Sorry to hear about your troubles, but that is sometimes the result of trips in T series cars (on the other hand, we later took two seperate 5000 mile trips through the Western US in the TD and had a wonderful time and absolutely no problems whatsoever). Cheers - Dave
|Hi, one more thing to mention is the fact that when I arrived at my garage late that night the result was that I made a round trip of some 500 km and the TD is still in one piece and more important I learned from the experience! Saterday I washed the dirt from the car and with some nice music from the radio I waxed the car with a smile. I even checked that repair on the oilfilter and it looks solid so for now I will keep it on the car. My friend from Baden Baden called me later to say that I should do like him; buy a classic german car! I heared myself say to him: 'No way, can't do that, it's bad to change to something without a soul' So sorry miss Joplin but 'Oh Lord won't you buy me a m...' no never, not for me :-)|
|Hi, Joop sorry to hear about your more or less failed trip; I guess the rooster is still alive? |
I'm really impressed that the ANWB-man did this roadside(?) repair. You don't get that with Route Mobiel!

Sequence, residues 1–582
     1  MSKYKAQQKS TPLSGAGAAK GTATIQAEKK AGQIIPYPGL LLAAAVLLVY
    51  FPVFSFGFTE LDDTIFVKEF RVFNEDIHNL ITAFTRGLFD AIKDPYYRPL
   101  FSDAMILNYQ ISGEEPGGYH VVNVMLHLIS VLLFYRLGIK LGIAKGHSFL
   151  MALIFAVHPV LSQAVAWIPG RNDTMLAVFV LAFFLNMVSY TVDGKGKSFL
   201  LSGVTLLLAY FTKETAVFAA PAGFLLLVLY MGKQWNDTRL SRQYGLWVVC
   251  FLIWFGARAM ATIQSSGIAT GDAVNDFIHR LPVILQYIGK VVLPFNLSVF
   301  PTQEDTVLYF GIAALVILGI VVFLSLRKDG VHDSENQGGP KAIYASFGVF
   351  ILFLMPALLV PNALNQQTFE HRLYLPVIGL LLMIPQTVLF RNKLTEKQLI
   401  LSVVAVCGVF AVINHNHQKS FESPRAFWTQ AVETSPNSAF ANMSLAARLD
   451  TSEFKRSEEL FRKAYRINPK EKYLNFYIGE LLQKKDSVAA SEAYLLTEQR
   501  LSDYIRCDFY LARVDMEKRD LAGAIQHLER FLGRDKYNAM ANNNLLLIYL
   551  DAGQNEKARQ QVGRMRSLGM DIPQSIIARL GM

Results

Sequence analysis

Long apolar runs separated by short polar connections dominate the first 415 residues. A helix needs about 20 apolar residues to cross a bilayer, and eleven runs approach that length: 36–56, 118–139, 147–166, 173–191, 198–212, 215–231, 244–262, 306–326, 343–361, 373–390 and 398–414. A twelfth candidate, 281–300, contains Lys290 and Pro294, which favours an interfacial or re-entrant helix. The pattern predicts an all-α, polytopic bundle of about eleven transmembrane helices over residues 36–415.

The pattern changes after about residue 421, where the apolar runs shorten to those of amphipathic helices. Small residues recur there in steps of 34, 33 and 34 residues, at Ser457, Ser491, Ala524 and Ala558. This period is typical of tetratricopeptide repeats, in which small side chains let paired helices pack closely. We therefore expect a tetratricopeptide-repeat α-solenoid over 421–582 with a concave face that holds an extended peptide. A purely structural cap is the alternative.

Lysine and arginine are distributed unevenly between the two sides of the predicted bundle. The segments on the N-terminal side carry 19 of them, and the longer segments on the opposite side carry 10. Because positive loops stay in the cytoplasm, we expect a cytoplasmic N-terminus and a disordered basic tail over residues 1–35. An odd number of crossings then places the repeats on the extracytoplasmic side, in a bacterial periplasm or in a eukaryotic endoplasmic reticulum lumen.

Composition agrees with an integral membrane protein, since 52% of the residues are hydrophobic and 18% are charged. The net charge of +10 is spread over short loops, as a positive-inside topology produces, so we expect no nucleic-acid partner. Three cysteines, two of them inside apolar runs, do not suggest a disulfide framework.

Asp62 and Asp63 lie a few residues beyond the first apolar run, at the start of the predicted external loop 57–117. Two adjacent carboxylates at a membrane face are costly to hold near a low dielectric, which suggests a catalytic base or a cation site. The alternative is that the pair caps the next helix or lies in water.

|Willem van der Veer|
Over the years I have been in 3 MG caravans when another driver's oil pipe fractured. Twice the loss of oil pressure was noticed in time. The third incident was not pretty.
I have an earlier engine (TD2/10059) in my 53 TD. I have the flexible hose conversion and it has been trouble free. If a strap should loosen or break, the clunking of the filter would probably get my attention faster than the oil pressure gauge drop.
I also replaced the old Moss 2 piece aluminum cannister (with replaceable internal element) with the ASL cast aluminum filter, p3, #89a (with spin on modern filter). This change was nearly catastrophic. On my maiden voyage, after a total ground up home restoration, I lost almost all the oil in about ten miles. The oil was spurting through a plugged drilled hole (not my handiwork) in the aluminum filter. I had not noticed any leak at initial startup. After having that area welded shut, all has been well for 15 years.
|C A Schnell|
Ha!! You know Joop, you are right, there is something utterly theraputic about waxing a TD. Particularly after you have just overcome some major mechanical challenge that stretches your abilities.
I have been battling various teathing problems since putting my frame -up back on the road and just got to put my first coat of wax on her last week- just like you said, radio playing and a smile on my face.....